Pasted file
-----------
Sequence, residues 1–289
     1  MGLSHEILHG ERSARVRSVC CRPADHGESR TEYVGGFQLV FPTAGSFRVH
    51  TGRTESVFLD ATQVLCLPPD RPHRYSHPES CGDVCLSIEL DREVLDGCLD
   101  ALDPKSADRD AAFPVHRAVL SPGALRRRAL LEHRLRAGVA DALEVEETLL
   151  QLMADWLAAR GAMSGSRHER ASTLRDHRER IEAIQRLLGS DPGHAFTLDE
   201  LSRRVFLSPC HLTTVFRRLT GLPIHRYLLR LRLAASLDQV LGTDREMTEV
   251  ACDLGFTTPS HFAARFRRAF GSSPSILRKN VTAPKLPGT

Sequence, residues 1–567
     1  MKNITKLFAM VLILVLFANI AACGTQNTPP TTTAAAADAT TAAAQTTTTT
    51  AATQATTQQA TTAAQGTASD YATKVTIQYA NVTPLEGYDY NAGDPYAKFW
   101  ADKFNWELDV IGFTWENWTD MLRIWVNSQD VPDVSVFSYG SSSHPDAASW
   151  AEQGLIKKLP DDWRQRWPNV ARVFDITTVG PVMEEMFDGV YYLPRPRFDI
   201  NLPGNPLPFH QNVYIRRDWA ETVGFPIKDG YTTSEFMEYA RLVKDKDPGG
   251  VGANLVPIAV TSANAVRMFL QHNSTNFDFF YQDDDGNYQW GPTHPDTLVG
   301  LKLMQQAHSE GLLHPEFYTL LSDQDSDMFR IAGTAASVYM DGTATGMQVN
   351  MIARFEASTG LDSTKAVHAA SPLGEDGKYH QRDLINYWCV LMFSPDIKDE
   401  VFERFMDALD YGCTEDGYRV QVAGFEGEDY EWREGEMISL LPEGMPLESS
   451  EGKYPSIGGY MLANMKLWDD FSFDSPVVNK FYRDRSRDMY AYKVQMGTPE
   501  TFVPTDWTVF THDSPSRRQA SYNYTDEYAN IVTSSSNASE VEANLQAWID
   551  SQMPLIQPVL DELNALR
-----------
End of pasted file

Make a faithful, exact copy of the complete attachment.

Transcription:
Sequence, residues 1–289
     1  MGLSHEILHG ERSARVRSVC CRPADHGESR TEYVGGFQLV FPTAGSFRVH
    51  TGRTESVFLD ATQVLCLPPD RPHRYSHPES CGDVCLSIEL DREVLDGCLD
   101  ALDPKSADRD AAFPVHRAVL SPGALRRRAL LEHRLRAGVA DALEVEETLL
   151  QLMADWLAAR GAMSGSRHER ASTLRDHRER IEAIQRLLGS DPGHAFTLDE
   201  LSRRVFLSPC HLTTVFRRLT GLPIHRYLLR LRLAASLDQV LGTDREMTEV
   251  ACDLGFTTPS HFAARFRRAF GSSPSILRKN VTAPKLPGT

Sequence, residues 1–567
     1  MKNITKLFAM VLILVLFANI AACGTQNTPP TTTAAAADAT TAAAQTTTTT
    51  AATQATTQQA TTAAQGTASD YATKVTIQYA NVTPLEGYDY NAGDPYAKFW
   101  ADKFNWELDV IGFTWENWTD MLRIWVNSQD VPDVSVFSYG SSSHPDAASW
   151  AEQGLIKKLP DDWRQRWPNV ARVFDITTVG PVMEEMFDGV YYLPRPRFDI
   201  NLPGNPLPFH QNVYIRRDWA ETVGFPIKDG YTTSEFMEYA RLVKDKDPGG
   251  VGANLVPIAV TSANAVRMFL QHNSTNFDFF YQDDDGNYQW GPTHPDTLVG
   301  LKLMQQAHSE GLLHPEFYTL LSDQDSDMFR IAGTAASVYM DGTATGMQVN
   351  MIARFEASTG LDSTKAVHAA SPLGEDGKYH QRDLINYWCV LMFSPDIKDE
   401  VFERFMDALD YGCTEDGYRV QVAGFEGEDY EWREGEMISL LPEGMPLESS
   451  EGKYPSIGGY MLANMKLWDD FSFDSPVVNK FYRDRSRDMY AYKVQMGTPE
   501  TFVPTDWTVF THDSPSRRQA SYNYTDEYAN IVTSSSNASE VEANLQAWID
   551  SQMPLIQPVL DELNALR